Despite a population of 10 million Manchu, it’s estimated that there are now less than 100 speakers of Manchu (满语), the language of the founders of the Qing Dynasty, who can converse for 10 minutes without throwing in some Hànyǔ as well. Many of them reside in Sanjiazi, a village near Heilongjiang’s Qiqihar, and most are already quite elderly and aren’t literate in the Manchu script.
So it’s good to hear that a somewhat younger speaker—a 50-year-old fluent in both oral and written Manchu—is teaching it in Wuchang City and in Harbin proper. Two recent profiles of Yilibu (伊里布) have appeared in the Chinese press, one about his role as a full-time and voluntary teacher (满语班), and the other expressing his worries about the very future of the language (职业忧虑) .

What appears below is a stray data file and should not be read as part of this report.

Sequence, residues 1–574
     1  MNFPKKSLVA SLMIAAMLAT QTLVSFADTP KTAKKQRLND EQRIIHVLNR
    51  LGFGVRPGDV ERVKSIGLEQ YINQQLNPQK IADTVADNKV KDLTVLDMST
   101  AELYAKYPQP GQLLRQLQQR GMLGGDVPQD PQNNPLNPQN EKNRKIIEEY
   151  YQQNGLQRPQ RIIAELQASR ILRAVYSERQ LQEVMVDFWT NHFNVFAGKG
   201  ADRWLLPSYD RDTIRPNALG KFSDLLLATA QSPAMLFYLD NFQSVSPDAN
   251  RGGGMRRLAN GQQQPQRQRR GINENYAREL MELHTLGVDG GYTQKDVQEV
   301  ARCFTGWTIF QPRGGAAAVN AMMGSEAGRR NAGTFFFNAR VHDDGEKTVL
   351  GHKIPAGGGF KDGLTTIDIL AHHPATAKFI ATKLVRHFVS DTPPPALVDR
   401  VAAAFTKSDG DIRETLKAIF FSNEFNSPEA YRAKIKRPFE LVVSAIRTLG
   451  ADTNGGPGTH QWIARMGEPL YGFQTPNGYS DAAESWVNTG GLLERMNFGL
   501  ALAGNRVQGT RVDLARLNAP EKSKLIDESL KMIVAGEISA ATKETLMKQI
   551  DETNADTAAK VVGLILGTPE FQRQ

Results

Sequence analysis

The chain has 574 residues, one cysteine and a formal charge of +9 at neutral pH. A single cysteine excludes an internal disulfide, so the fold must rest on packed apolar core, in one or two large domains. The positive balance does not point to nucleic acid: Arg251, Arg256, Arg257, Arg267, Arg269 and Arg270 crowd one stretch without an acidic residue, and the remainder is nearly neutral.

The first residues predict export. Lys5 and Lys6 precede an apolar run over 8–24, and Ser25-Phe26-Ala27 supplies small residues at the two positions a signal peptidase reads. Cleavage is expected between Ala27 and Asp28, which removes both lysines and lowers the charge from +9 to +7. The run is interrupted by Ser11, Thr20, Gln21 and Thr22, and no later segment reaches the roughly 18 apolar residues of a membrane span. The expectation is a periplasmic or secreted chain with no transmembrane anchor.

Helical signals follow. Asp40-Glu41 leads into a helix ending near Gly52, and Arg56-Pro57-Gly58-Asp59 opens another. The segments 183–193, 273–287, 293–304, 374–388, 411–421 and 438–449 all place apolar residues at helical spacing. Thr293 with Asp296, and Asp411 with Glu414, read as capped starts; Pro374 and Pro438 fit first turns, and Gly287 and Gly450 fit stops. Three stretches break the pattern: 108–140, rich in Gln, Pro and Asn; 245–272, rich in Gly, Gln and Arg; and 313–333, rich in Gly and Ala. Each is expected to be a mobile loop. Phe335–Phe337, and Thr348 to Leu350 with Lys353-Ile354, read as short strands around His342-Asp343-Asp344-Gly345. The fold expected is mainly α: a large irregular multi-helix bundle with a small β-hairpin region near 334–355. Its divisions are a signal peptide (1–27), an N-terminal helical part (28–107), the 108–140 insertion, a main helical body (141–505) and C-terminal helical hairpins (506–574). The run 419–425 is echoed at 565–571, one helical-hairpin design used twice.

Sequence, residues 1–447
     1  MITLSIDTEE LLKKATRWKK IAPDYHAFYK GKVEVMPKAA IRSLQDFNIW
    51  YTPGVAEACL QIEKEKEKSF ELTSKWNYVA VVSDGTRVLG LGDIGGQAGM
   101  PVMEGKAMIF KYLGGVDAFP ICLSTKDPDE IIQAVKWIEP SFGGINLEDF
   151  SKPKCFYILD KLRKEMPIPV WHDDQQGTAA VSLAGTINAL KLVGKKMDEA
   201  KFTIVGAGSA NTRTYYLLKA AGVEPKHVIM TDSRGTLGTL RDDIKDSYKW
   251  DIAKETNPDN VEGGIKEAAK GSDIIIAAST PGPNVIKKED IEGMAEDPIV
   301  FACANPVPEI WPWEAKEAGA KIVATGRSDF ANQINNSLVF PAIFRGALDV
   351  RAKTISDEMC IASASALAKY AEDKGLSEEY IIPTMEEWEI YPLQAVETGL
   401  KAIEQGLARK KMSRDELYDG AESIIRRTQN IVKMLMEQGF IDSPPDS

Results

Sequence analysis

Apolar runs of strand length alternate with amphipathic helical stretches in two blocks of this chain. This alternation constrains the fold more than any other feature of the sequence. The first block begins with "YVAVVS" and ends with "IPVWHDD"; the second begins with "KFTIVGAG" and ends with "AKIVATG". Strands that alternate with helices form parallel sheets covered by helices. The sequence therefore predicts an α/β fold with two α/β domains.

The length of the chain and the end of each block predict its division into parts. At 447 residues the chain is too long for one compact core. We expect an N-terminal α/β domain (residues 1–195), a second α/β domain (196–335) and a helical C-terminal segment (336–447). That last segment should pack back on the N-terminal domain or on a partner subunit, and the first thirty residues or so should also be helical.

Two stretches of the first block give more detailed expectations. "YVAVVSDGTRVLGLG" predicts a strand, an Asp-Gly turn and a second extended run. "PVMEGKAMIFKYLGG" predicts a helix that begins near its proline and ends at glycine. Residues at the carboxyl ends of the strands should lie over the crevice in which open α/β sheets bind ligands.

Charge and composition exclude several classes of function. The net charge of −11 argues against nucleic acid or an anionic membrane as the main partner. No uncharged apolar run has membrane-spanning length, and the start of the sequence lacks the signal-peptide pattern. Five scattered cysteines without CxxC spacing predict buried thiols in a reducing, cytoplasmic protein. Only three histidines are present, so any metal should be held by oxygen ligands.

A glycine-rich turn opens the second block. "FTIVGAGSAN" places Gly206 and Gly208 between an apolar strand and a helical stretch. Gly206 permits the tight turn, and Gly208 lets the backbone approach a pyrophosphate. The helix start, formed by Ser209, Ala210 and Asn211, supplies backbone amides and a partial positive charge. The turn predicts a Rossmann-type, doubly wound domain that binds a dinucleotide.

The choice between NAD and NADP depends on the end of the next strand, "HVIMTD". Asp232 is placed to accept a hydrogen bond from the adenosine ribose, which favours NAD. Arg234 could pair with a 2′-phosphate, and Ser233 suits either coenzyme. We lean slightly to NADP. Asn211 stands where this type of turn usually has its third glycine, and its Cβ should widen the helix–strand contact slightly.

During the week he teaches full time at a middle school in Wuchang, but with 600 students, each of whom attends just one class weekly, he is not confident of a big impact. On Sundays, he volunteers to instruct a group of a dozen or so adults in Harbin.
He admits he may have to cut back on his teaching next year, as there are plans for him to begin training Manchu instructors, and he is keen to compile and publish two teacher’s manuals.
But most of all he worries about the dormant state of the language itself. “Over the last century,” he is quoted, “the development of the Manchu language has been ‘on hold’, and vocabulary in contemporary Chinese like computer, automobile and cybercafé can’t be expressed in Manchu.”